The support and mentorship of CPTC biology instructor Wendy Noffke helped make it possible.

Lou Owl (right) and CPTC biology instructor Wendy Noffke at the 2024 Assessment, Teaching and Learning (ATL) Conference in Yakima where they did a presentation on I-BEST in biology.

“I truly believe that when you get to the top of the mountain, you should turn around and help the next person up,” Owl said. “Wendy did that for me. I never would have gotten through school, had my childcare paid for or discovered my passion for teaching without her.”

For Noffke, it was an easy call.

“Lou was a really good student and so determined despite the challenges coming her way,” she said. “I also saw a lot of myself in her.”

Noffke was the first one in her immediate and extended family to get a college education, and she did it without support or assistance. That experience is something she brings to her work and what makes her a better instructor. She knew that Owl understood that first-hand.

Noffke created a work study position so Owl could be her biology lab assistant and also have her youngest in childcare on the campus. When Owl completed the program, she was hired at CPTC as a lab technician.

“The whole experience made me realize I wanted to work in a classroom with students, not in a hospital,” she said.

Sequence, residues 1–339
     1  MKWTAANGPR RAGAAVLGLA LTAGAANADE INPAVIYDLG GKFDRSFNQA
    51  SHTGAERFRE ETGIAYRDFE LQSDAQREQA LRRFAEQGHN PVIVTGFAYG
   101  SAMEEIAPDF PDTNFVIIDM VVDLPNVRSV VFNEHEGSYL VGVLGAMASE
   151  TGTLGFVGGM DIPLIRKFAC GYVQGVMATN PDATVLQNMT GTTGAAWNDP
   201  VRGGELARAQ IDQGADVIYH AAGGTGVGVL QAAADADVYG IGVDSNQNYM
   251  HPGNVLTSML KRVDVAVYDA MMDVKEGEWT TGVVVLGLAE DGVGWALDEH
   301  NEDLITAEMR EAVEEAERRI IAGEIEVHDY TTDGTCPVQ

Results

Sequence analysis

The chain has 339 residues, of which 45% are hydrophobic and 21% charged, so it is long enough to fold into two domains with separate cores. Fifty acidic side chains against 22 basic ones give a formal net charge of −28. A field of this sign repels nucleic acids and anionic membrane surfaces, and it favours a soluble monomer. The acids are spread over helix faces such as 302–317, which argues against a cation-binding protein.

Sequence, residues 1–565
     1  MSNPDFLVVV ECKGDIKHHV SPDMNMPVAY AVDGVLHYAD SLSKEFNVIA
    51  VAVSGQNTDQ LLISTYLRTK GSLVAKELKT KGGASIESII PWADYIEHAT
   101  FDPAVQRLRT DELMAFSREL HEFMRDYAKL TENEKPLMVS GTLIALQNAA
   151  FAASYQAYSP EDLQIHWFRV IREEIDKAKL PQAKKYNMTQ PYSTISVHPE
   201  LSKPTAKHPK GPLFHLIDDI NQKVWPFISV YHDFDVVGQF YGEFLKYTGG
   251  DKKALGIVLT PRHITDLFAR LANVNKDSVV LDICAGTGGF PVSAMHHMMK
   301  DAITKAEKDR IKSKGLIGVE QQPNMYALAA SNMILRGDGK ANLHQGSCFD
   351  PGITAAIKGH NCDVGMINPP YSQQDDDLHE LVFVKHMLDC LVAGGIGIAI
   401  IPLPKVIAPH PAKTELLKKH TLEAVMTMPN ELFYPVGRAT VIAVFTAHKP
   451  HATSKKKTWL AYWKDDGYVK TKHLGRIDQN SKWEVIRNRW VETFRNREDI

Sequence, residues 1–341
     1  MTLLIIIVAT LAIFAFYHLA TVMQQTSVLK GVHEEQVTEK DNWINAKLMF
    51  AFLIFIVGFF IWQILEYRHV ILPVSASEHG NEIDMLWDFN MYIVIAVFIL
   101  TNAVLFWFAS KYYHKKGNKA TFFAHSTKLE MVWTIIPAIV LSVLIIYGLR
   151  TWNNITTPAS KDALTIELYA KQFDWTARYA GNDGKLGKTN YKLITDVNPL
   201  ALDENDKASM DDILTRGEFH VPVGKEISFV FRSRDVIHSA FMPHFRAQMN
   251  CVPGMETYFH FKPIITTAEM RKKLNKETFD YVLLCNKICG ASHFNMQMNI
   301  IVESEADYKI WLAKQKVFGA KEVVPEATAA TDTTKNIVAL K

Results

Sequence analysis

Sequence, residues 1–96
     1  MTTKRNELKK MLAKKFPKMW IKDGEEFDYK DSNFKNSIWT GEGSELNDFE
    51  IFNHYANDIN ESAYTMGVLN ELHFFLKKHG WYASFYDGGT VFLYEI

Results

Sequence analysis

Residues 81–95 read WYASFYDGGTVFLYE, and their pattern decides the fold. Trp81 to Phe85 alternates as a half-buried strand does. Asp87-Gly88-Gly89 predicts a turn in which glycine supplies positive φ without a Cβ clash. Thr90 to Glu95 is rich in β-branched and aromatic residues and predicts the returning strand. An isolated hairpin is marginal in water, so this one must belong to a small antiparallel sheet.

After Owl earned her BS degree through the University of Cincinnati and got some clinical experience under her belt, CPTC created an instructor position for her in the I-BEST program, part of CPTC’s Transitional Studies offerings. I-BEST is a nationally recognized program for English language and Basic Skills students that originated in Washington state’s community and technical colleges.

Working in tandem with Noffke, Owl provides literacy and other college-readiness skills students need to put them on their career and educational pathways faster. Most of her students are working toward nursing careers. 

“We added the position to help Lou and the students, and the success of the program is because of who she is and how well we work as a team,” Noffke said. “Along with her clinical experience, she knows what’s involved with the class from the ground up. She also gets experience as a faculty member and I have a great work partner. Everyone wins.”